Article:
The first “legal” distillery in Arkansas since the repeal of prohibition in 1933 has released their first bourbon. It’s called “Arkansas Young Bourbon Whiskey.” They’re in Little Rock, Ark. And, not too surprisingly it’s called Rock Town Distillery.
They’re a small operation started by Phil Brandon in 2009.
Maybe you are already getting the connection to the name of the bourbon. The company started in 2009, and now we’re a little over half way through 2011. That’s not much time for aging, you say. Well that would be correct. The bourbon is aged about three to six months.
As Kentucky Gov. Steve Beshear said recently at the announcement of Michter’s opening a distillery on Main Steet in Louisville, there’s a “bourbon revolution” going on.
The craft distillery segment seems to be booming – there are operations in Texas, New York, Washington and now in Arkansas.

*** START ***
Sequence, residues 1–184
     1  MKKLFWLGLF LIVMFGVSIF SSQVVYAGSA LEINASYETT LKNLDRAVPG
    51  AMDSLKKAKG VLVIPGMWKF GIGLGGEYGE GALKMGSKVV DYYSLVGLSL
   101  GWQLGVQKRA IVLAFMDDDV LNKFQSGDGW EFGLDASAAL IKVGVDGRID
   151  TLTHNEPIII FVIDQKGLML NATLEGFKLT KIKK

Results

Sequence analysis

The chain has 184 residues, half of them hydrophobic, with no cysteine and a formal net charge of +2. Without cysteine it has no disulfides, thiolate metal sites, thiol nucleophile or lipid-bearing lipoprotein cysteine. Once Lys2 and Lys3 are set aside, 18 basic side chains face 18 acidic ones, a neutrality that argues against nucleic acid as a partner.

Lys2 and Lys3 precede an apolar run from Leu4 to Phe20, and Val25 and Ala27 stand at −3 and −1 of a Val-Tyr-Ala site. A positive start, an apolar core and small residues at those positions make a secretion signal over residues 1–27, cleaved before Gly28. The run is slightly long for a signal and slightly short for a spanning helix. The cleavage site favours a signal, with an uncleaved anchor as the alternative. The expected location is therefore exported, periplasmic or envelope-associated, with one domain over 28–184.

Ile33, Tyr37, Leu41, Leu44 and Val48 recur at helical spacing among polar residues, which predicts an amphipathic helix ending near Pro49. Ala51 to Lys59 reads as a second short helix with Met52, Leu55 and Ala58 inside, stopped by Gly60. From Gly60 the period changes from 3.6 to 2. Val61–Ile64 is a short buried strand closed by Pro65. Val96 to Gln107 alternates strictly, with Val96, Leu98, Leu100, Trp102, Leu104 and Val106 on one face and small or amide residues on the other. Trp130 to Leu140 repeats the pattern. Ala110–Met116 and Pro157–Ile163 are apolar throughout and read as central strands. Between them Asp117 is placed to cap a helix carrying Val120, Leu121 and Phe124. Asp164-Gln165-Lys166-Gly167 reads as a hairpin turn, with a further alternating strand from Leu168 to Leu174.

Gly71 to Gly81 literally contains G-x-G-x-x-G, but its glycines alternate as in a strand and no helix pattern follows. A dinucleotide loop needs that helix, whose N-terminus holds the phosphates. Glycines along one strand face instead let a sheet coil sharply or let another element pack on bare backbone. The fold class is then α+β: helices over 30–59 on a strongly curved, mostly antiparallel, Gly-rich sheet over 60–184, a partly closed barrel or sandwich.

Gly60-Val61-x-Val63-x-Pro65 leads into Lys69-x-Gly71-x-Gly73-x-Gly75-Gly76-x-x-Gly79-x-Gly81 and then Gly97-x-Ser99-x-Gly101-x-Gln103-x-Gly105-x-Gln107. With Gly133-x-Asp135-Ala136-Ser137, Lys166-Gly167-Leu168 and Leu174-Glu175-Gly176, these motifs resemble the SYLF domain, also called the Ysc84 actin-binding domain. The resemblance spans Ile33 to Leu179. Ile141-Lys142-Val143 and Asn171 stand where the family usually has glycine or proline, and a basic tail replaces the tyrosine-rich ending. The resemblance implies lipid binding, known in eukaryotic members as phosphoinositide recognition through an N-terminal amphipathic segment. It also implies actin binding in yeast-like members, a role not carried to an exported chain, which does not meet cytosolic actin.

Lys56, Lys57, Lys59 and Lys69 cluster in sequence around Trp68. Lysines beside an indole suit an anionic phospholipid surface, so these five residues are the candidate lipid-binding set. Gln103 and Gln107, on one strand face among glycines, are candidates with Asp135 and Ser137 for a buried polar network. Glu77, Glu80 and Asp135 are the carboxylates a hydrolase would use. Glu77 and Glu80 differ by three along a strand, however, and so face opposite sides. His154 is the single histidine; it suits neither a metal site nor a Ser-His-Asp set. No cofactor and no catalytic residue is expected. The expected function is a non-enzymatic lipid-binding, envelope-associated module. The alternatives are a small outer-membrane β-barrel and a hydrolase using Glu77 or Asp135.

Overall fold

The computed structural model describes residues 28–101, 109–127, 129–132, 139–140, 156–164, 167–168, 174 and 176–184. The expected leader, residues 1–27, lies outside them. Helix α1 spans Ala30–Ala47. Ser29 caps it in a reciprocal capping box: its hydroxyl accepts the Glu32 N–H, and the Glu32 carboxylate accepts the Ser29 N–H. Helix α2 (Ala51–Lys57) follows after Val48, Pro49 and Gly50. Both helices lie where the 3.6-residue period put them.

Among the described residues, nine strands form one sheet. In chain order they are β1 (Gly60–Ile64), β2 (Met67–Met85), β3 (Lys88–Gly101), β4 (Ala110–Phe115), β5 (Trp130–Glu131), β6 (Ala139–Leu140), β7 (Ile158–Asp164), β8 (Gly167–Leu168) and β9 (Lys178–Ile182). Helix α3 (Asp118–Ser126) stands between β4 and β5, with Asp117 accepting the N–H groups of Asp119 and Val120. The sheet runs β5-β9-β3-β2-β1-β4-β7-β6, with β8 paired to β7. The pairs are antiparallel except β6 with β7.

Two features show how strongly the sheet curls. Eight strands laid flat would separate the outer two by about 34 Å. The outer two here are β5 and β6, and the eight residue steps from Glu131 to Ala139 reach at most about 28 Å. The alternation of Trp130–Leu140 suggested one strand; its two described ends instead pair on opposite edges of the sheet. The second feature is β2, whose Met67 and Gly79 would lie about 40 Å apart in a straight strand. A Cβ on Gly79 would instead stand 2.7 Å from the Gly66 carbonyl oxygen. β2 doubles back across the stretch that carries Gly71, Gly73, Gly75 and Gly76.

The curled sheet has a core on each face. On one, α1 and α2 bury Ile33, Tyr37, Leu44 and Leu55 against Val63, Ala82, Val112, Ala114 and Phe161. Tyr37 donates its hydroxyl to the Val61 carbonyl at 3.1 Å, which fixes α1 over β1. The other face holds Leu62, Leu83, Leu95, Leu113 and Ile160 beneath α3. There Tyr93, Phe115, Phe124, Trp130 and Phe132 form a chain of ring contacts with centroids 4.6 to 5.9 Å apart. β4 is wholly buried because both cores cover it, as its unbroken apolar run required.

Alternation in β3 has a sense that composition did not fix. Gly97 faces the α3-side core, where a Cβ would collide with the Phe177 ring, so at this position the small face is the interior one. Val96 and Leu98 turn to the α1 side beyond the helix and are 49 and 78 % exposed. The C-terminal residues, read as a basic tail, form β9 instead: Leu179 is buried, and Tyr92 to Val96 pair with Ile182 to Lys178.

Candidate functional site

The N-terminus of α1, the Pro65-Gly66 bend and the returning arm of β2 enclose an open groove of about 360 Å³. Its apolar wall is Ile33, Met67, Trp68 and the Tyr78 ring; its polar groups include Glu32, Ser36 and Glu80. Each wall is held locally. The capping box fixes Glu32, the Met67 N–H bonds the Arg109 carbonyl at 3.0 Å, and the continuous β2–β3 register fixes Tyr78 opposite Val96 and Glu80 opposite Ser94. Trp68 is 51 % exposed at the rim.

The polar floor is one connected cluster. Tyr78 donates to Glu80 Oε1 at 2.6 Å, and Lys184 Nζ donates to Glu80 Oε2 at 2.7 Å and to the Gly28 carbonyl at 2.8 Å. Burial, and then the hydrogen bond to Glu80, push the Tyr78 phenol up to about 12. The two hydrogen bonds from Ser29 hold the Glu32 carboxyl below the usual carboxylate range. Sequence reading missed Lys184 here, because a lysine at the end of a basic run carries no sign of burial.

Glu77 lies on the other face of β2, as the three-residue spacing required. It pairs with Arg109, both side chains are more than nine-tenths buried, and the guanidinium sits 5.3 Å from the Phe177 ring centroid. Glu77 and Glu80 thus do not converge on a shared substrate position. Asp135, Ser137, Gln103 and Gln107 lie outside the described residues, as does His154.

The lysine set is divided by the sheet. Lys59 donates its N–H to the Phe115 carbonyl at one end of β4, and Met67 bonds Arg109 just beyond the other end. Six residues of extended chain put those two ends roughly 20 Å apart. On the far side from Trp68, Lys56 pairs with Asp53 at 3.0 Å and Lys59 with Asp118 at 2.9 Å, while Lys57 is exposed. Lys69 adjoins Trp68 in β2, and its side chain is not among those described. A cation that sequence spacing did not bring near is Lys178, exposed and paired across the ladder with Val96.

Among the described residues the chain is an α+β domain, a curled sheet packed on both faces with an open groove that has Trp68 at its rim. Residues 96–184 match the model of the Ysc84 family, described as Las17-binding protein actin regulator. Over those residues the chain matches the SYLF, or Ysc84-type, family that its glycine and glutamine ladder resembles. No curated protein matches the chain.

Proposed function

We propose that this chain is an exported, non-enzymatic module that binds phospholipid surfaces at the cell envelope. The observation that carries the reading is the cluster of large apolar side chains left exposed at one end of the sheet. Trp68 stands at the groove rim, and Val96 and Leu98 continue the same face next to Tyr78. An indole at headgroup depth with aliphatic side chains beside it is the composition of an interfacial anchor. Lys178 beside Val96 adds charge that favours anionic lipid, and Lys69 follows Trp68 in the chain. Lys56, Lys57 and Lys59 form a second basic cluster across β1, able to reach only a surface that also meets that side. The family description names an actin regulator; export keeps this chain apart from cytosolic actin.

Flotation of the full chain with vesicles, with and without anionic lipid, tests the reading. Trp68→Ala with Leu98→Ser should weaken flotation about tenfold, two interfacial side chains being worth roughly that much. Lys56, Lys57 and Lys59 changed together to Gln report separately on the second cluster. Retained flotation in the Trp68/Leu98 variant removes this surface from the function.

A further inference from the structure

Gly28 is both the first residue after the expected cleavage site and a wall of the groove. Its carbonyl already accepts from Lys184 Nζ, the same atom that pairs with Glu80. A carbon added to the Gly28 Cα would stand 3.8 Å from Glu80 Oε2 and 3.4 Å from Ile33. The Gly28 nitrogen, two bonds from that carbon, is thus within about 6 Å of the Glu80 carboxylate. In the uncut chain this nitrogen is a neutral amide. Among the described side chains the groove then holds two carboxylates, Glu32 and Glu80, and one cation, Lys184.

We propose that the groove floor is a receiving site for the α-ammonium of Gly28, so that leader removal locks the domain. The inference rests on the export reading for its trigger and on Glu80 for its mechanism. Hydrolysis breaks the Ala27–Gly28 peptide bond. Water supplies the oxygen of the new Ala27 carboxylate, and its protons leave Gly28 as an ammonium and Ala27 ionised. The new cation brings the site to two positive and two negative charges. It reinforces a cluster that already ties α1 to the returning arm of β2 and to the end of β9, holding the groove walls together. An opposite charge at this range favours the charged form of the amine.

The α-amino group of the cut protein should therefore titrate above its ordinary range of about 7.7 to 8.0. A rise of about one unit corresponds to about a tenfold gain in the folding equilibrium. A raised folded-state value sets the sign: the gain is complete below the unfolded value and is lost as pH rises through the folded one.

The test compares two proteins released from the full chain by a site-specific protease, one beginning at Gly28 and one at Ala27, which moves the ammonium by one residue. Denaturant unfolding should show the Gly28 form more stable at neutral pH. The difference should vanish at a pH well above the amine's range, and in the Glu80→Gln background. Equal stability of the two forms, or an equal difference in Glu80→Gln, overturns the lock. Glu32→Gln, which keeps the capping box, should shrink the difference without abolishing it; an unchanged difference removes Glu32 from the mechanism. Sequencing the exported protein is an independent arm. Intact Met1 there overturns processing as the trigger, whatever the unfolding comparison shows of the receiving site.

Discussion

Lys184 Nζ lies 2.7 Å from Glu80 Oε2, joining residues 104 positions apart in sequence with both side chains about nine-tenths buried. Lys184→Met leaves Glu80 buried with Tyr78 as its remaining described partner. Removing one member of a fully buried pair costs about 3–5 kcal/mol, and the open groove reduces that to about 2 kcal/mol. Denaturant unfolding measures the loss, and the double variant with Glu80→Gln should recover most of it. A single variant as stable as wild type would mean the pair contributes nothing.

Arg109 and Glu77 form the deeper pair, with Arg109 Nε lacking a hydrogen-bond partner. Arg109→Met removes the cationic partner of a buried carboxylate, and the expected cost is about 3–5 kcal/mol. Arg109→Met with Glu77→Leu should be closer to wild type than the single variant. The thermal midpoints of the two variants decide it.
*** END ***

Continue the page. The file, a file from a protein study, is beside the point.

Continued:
But it’s not easy this bourbon making business. The traditional bourbon process involves aging the product at least two years, and often seven or more. That’s a long time to wait. And that’s a lot of money tied up in product, warehousing and taxes.
As is often the case, start-up distilleries bottle clear spirits – white dog, and vodka – so they can get a product on the market to begin generating a little cash flow. These products don’t need aging.
But if your goal is getting a bourbon on the market, you still have to wait.
The craft distilleries are trying to get around that by using smaller charred, white oak barrels to accelerate the aging. Generally the barrels you think of at Maker’s Mark, Jim Beam and all the other big-name Kentucky bourbons are 50 gallons.
The bourbon they’re producing at Rock Town is aged in much smaller barrels of five or 10 gallons.
Arkansas Young Bourbon Whiskey is bottled at 92 proof, with a suggested retail of $24.99/375ml. That would then be about $50 for the standard 750ml. They’re using native grains to Arkansas. It is made from corn and wheat. There’s no rye in Arkansas, according to the company’s blog.
For that price, it better be pretty darn good. That is premium pricing.
The product is being distributed in Arkansas, Illinois and Tennessee. If it is good, it may not be around very long because they produced about 114 cases.
Look for more of these micro-batch bourbons to be sprouting up more and more.
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